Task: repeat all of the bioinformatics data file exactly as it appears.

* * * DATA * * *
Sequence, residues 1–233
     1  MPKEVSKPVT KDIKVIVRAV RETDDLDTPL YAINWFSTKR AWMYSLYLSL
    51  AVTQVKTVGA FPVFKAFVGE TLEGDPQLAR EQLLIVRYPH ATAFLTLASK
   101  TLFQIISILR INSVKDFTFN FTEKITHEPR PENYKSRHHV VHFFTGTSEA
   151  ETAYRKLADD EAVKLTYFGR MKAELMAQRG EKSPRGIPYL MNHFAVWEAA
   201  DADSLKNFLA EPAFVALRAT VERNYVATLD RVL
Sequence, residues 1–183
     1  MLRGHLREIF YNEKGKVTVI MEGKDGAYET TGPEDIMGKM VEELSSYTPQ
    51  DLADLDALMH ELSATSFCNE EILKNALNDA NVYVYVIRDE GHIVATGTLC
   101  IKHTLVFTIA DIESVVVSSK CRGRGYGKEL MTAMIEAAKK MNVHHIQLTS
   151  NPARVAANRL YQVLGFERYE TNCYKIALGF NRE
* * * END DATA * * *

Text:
Sequence, residues 1–233
     1  MPKEVSKPVT KDIKVIVRAV RETDDLDTPL YAINWFSTKR AWMYSLYLSL
    51  AVTQVKTVGA FPVFKAFVGE TLEGDPQLAR EQLLIVRYPH ATAFLTLASK
   101  TLFQIISILR INSVKDFTFN FTEKITHEPR PENYKSRHHV VHFFTGTSEA
   151  ETAYRKLADD EAVKLTYFGR MKAELMAQRG EKSPRGIPYL MNHFAVWEAA
   201  DADSLKNFLA EPAFVALRAT VERNYVATLD RVL
Sequence, residues 1–183
     1  MLRGHLREIF YNEKGKVTVI MEGKDGAYET TGPEDIMGKM VEELSSYTPQ
    51  DLADLDALMH ELSATSFCNE EILKNALNDA NVYVYVIRDE GHIVATGTLC
   101  IKHTLVFTIA DIESVVVSSK CRGRGYGKEL MTAMIEAAKK MNVHHIQLTS
   151  NPARVAANRL YQVLGFERYE TNCYKIALGF NRE